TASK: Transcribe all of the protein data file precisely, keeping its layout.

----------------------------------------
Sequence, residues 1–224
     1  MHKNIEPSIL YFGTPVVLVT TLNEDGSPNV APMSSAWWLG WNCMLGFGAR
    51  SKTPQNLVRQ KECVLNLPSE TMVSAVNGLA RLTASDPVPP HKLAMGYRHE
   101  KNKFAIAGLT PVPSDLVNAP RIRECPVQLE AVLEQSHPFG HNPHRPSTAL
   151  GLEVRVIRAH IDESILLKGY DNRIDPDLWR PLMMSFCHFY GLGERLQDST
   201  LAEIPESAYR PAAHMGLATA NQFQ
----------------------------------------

Sequence, residues 1–224
     1  MHKNIEPSIL YFGTPVVLVT TLNEDGSPNV APMSSAWWLG WNCMLGFGAR
    51  SKTPQNLVRQ KECVLNLPSE TMVSAVNGLA RLTASDPVPP HKLAMGYRHE
   101  KNKFAIAGLT PVPSDLVNAP RIRECPVQLE AVLEQSHPFG HNPHRPSTAL
   151  GLEVRVIRAH IDESILLKGY DNRIDPDLWR PLMMSFCHFY GLGERLQDST
   201  LAEIPESAYR PAAHMGLATA NQFQ